The 513th Fighter Squadron

Page 7

Unit History of 513th
Period ending 30 June 1944 (continued)

F. Narrative

The past month has been one of intense activity in the Air War. With the advent of the long awaited invasion, the hard work and long hours began; the road leading to victory had been entered, and though the end was not near, it was in sight.

The period of time from the 1st until the 6th of the month was not unusual in any particular way and gave no indication of what was to follow. Four missions were flown, 3 escorts and one dive bomb; they were uneventful. One indication that the "Big Push" was imminent was the painting of the planes with wide black and white stripes for identification. The engineering department worked until late the night of the 4th, getting the planes painted; the rain didn't help the effort.

At 1900 on the evening of the 5th the officers of the Group were ushered into the Group Briefing tent, each man's identity checked as he went in. It was then we learned of the invasion and the part we would play in it. Major Larkin, Group S-2, presented the situation to a tense audience. We learned that the Group would fly four missions D-Day, patrolling the beachhead from 0530-0630, 1030-1130, 1530-1630, 2030-2130. The 513th Sq. would operate in the "Easy" area. Briefing was given on the ground situation, pilots were acquainted with the bomb line, recognition colors, authentication codes, and all else that would enable our support to be successful. We left the Group Briefing tent that night in a sober mood. The next day would be an important day in world history.

Takeoff time the next morning was 0430 and every pilot expected to come back an "Ace". Everyone was surprised when they discovered the Luftwaffe was not coming up to defend its beaches. There was some flak but even that had been fairly well neutralized. All pilots returned safely from the first patrol and succeeding patrols. On the 8th the squadron finished patrol duty and went on a 1-hour alert status with "Hurry Missions" of various types.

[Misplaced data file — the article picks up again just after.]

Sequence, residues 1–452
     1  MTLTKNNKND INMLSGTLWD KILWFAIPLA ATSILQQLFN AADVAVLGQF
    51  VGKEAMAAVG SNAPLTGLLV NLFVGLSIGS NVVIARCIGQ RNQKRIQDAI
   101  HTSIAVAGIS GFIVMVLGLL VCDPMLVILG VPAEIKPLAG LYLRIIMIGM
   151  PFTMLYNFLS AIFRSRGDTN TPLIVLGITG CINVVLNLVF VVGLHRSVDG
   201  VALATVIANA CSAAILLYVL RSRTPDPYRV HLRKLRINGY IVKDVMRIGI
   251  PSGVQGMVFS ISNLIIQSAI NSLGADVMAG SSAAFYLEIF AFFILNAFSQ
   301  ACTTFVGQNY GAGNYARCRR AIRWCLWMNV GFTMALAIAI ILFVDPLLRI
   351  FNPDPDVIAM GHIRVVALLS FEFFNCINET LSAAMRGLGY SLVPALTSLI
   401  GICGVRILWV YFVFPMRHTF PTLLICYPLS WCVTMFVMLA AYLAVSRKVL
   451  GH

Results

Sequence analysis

With the increased number of missions and increasing enemy flak the serviceable aircraft in the squadron became startlingly low. At one time only 12 aircraft were operational. An average of three planes would return from missions with flak holes in them. On two occasions planes returned from ground support missions after flying through trees.

On June 10th Lt. HOSKINS, returning from a mission hit a tree and tore a large hole in his right wing and damaged the tail. June 17th Lt. WHITMAN damaged his right wing and right elevator when he pulled up into a tree from a strafing attack. To look at his plane after they had reached ground safely, it would seem impossible that they could fly at all. Thus it is that time and again the P-47 has exhibited its durability, its ability to "take it" and return. For these qualities the P-47 has won a place in every pilot's heart who flies it. The 513th pilots sear by them; they come back.

The engineering department deserves a great deal of credit for keeping the planes in repair and ready to fly day after day. It is worthy of recognition that the 513th Sq. has the best maintenance record of any Sq. in the Group. Lately the Sq. has received 4 D-25 model aircraft. These, as is usual with new planes, have more "bugs" to be taken out. The engineering department, we know, will soon have them ready for combat.